Skepticism or scepticism (Greek skeptomai: to consider, to examine) refers to any view involving doubt.
- An attitude of doubt about whether something exists.
- A doubt about whether something can be known for certain.
- A doubt about whether we are correct in arguing a certain way.
- A practical method of suspended judgment, systematic doubt or criticism.
People who have skepticism as an attitude, opinion, or method are called skeptics or sceptics.
The roots of skepticism[change | change source]
Skepticism on philosophy has its roots in ancient Greek philosophy. The Greek Sophists of the 5th century BC, such as Protagoras of Abdera (480–411 BC), were mostly skeptics. Gorgias (485–380 BC) said, "Nothing exists; if anything does exist, it cannot be known; if anything exists and can be known, it cannot be communicated". In the 4th century BC Pyrrho of Elis (c360–275 BC), who travelled and studied as far as India, adopted practical skepticism. Carneades (c213–129 BC) disagreed that things were completely true or false. He criticized the Dogmatists, especially Stoics. He said that completely certain knowledge is impossible. Sextus Empiricus (c200 AD), the main authority for Greek skepticism, brought together empiricism into the basis for stating knowledge.
Skepticism comes from Asian philosophy, too. The Chinese philosopher Zhuangzi (c369–c286 BC) said that what seems real could be just a dream. In Indian philosophy, the Cārvāka school thought that we should neither try to infer knowledge nor trust what other people tell us. In Buddhism, Nāgārjuna said that nothing exists by itself, and that this idea is an important part of enlightenment.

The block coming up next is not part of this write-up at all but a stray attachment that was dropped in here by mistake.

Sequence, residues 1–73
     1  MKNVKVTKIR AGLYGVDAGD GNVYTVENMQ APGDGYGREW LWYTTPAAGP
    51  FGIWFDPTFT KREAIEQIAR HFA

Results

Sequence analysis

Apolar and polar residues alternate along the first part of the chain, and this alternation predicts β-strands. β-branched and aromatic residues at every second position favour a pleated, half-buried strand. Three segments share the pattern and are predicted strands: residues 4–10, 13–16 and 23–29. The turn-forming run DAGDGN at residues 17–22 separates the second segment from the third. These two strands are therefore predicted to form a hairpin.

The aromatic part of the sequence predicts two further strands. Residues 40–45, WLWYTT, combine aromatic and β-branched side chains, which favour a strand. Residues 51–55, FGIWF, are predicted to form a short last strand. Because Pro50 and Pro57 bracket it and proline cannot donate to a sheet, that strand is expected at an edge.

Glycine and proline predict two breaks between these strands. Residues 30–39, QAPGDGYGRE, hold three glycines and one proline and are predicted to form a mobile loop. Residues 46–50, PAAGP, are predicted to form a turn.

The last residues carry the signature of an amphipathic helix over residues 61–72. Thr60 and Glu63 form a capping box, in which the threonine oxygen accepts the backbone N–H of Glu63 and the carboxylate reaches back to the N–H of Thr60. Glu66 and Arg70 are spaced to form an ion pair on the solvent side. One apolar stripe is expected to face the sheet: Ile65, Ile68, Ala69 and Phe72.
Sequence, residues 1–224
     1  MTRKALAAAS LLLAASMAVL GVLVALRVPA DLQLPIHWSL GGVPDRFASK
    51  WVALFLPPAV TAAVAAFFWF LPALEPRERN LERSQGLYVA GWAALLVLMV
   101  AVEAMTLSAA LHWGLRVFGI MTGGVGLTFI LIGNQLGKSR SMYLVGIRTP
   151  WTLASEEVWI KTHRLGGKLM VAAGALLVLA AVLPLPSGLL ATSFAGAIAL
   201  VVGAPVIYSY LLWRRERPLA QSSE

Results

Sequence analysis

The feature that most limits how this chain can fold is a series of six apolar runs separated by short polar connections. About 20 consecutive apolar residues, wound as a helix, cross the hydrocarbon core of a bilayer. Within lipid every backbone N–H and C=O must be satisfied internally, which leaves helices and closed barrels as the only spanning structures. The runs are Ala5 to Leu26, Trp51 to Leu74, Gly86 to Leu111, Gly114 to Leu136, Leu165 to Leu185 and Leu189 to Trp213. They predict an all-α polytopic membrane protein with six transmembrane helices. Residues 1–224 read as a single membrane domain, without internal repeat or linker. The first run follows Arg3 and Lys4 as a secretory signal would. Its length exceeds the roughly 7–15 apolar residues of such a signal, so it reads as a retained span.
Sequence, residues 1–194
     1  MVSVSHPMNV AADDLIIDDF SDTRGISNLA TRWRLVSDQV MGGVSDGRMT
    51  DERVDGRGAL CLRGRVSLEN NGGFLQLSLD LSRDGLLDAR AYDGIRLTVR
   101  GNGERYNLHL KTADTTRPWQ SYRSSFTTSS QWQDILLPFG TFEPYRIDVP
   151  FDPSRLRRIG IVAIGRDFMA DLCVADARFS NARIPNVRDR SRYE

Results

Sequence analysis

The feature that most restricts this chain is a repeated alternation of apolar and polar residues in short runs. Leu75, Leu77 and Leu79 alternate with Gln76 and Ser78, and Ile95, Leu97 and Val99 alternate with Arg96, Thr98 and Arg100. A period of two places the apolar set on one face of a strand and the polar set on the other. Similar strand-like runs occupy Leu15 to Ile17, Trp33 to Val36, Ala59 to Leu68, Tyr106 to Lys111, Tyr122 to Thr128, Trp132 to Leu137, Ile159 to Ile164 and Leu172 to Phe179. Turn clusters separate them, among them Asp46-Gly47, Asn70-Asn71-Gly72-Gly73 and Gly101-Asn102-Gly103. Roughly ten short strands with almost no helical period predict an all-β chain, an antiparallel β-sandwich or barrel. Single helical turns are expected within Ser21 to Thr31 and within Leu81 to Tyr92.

The most important part of the argument is that unless we know something for certain, then we cannot know anything. The interest lies in the way great philosophers have tried to solve this problem. Some, like Descartes, retreat into the mind: "I think, therefore I am." Others, such as the British empiricists John Locke and David Hume, would rely on our sense perception. Certain kinds of knowledge may be especially vulnerable to skepticism. For example, an agnostic believes people cannot get knowledge about supernatural things.
Skepticism is widely used as a method for research in science, and (with changes) in modern legal procedure. Here doubt, suspending judgement, careful investigation, testing and discussion come before any statement of facts. Sometimes the process takes years before consensus is reached. This systematic approach is called methodological skepticism. It is probably the most important legacy of the skeptics.
Various[change | change source]
Literary skeptics[change | change source]
- Ambrose Bierce: The Devil's Dictionary
- Ignacy Krasicki: Fables and Parables
- Bolesław Prus: Pharaoh
- Voltaire: Candide
- Montaigne: Essays
Organizations[change | change source]
- Center for Inquiry
- Committee for Skeptical Inquiry
- The Skeptics Society
- James Randi Educational Foundation
- Rationalist International
- The New England Skeptical Society
- Australian Skeptics
Media[change | change source]
- Penn & Teller: Bullshit!
Other websites[change | change source]
|The Simple English Wiktionary has a definition for: skepticism.|
- New York City Skeptics
- Skeptics Canada
- Sceptics in Russia (Manifesto)
- The Skeptic Friends Network
- British Skeptic magazine
- Australian Skeptics
References[change | change source]
- Long A.A. 1974. Hellenistic philosophy.
- Stanford Encyclopedia of Philosophy
- "Scepticism - History of Scepticism". Archived from the original on 2012-02-09. Retrieved 2009-10-06.
- "Zhuangzi - Wikiquote". en.wikiquote.org. Retrieved 2018-06-25.
- "Epistemology in Classical Indian Philosophy". Stanford Encyclopedia of Philosophy. 22 January 2015. Retrieved 25 June 2018.
- "René Descartes - Wikiquote". en.wikiquote.org. Retrieved 2018-06-25.
- Hume D. 1739 Treatise, and 1748. Enquiry into human understanding.
- See also Klein P. 2002. “Skepticism” in The Oxford Handbook of Epistemology. P. Moser (ed) Oxford University Press. pp336–361